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The coastal batteries on Hel were among the strongest on Polish soil at the start of the Second World War. On September the first in 1939 the Germans invaded Poland. It was the first armed conflict of Germany, before they annexed the Rhineland, Austria and the Sudetenland without a shot fired.
In the Harbour of Danzig the SMS Schleswig-Holstein floated as a guest, like a Trojan horse the battleship was disguised with a “ceremonial visit”. The Germans cleverly placed a fully armed pre-dreadnaught behind the Polish defences.
The Battle of Hel
While the German forces crossed the Polish border, the Schleswig-Holstein released its fury at the Polish defenders on the Westerplatte, point blanc and from the rear. The Schleswig-Holstein fired the first shots of the war. When they polish army got over their initial surprise, they put up a strong fight which raged on for days.
Invading German forces sealed off the Hel peninsula so they could march on to Danzig – Gdansk today. The Battle for the Westerplatte and the Battle for Gdansk were prioritized to the Battle of Hel. 2800 Polish soldiers fought on the Hel peninsula with their 152,4 mm gun batteries and very effective FLAK batteries. They were bombarded by battleships, BF109 Messerschmitt fighters and the feared Stuka dive bombers. The defenders shot down approximately 50 planes during the battle. The Polish navy joined in on the battle and lost some ships during this battle, three of them can still be seen on a beach of the peninsula. In the last part of the battle the Polish defenders blew up parts of the Peninsula making Hel an island.
Due to low morale and ammunition shortage the defenders surrendered after a struggle of 32 days on October the 2nd, They were amongst the last Polish forces put down their weapons.
The Coastal and Flak Batteries
The Laskowski Battery is on the southern tip of the peninsula. Named after Heliodor Laskowski, he was the brains behind the defensive positions on Hel. The Battery had four 152,5mm Bofors Guns with a reach of 26 km. In close vicinity are more Batteries with 75mm Schneider Guns, Anti Aircraft positions and fire control towers.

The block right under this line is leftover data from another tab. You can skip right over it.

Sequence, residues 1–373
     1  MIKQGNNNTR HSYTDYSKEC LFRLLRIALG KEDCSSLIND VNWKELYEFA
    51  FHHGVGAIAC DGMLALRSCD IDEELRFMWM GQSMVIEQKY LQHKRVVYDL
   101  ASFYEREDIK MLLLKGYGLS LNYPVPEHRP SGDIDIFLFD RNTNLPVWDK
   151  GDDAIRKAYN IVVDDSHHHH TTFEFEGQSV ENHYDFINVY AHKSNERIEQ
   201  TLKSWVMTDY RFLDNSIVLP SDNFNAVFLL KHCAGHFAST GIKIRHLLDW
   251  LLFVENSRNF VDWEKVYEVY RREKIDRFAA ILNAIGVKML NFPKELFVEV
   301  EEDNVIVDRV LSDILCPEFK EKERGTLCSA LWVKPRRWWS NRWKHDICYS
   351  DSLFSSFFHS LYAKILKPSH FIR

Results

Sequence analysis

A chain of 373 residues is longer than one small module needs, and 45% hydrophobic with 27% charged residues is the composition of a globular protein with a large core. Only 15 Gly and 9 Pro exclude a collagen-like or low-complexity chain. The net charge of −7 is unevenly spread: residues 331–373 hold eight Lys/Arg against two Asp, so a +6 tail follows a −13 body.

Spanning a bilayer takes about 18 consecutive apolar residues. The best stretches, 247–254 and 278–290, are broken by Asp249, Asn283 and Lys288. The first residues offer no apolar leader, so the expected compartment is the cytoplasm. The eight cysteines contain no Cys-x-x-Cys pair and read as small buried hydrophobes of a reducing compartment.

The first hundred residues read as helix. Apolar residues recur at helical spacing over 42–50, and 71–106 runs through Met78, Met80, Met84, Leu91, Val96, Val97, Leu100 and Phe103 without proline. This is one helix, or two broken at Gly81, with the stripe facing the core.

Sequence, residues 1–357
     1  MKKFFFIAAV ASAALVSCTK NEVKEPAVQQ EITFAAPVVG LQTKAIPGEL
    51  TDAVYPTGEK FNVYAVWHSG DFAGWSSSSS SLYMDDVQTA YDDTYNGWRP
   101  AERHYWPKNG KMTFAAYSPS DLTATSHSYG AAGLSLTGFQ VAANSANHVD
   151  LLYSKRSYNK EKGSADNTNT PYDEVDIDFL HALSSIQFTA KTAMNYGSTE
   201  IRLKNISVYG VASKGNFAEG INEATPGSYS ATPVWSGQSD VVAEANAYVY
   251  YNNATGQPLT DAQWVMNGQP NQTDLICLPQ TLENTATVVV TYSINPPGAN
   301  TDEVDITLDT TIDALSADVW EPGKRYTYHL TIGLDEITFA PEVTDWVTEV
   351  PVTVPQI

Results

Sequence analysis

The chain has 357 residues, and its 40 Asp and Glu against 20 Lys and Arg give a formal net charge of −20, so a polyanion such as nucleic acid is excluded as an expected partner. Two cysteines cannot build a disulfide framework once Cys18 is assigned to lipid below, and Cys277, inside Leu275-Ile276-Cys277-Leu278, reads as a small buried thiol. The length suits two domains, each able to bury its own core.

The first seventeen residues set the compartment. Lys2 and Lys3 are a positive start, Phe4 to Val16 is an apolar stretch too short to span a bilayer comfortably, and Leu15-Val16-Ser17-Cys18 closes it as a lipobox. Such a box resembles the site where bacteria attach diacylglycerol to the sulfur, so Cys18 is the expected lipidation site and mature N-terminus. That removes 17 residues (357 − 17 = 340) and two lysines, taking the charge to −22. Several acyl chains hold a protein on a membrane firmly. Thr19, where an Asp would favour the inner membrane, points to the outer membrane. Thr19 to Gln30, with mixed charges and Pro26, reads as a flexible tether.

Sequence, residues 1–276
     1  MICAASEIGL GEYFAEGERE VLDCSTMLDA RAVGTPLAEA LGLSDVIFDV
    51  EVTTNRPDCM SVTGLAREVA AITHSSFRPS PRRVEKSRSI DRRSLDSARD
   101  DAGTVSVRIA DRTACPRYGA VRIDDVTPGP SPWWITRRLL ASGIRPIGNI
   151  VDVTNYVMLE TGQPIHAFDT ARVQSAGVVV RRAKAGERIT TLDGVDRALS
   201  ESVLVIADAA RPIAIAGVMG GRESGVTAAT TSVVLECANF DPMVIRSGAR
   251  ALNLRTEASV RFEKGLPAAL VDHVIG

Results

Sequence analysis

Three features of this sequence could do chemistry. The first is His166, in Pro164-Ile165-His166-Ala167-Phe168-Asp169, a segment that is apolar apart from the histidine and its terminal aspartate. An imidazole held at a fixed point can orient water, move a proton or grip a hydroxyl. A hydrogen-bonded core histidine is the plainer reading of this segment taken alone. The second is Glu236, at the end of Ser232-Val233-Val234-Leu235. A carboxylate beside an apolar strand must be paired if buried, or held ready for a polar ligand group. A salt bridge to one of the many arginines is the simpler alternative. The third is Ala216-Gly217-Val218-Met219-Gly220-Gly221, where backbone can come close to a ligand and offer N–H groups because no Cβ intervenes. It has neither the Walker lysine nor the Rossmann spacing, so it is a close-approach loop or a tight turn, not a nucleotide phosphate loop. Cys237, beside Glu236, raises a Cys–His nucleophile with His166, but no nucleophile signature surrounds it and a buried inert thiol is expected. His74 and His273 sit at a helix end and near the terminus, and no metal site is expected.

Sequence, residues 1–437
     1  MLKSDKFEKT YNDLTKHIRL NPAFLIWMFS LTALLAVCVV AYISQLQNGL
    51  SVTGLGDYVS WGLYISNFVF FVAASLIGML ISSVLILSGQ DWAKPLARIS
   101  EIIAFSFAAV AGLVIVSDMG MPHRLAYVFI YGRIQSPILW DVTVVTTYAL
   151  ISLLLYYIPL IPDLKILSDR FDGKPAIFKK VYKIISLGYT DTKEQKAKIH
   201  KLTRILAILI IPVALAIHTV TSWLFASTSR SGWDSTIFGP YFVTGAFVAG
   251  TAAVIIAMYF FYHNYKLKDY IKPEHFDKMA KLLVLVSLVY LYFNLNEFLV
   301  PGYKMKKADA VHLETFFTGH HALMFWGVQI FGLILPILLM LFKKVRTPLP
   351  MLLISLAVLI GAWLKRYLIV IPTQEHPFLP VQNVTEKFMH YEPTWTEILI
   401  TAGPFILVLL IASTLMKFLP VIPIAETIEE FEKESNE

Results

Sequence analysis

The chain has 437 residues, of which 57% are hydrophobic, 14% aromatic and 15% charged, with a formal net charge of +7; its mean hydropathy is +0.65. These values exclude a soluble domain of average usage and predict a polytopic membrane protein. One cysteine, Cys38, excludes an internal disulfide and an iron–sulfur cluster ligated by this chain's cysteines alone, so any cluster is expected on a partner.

A little more to the south was a Flak Battery with personnel quarters, designated “Batterie number 7”.
Hel in German Hands
After the Hel Peninsula fell into German hands the Kriegsmarine strengthened the peninsula even more with extra gun positions and radar. A Wurzburg Riese was built with three huge gun emplacements named Battery Schleswig-Holstein. Three 40.6 cm SK C/34 guns strengthened the Island for a short while, before the guns were transported to the Atlantic wall in France and placed in Battery Lindeman on the English Channel. The Wurzburg Riese position was used as foundation for an observation tower after the removal of the radar itself.
The Germans used Hel’s naval base to train U-Boat crews. In the aftermath of the war the German forces in the village Hel on the peninsula were the last to surrender in Poland on the 14th of May 1945, six days after the capitulation of Germany.
Which is pretty particular, for the last of the Polish forces surrendered on the Hel Peninsula at the start of the war for Poland, and the last of the Germans surrendered on the peninsula in the last days of the second World War. It seems no one wants to give up Hel.
Just drive to the town of Hel, the batteries are mostly outdoors. We got a ride from some nice Polish locals in a golf cart. A service from a local hotel. The Hel peninsula has great beaches and lovely nature. Besides these batteries there are museums and other WW2 sites to visit.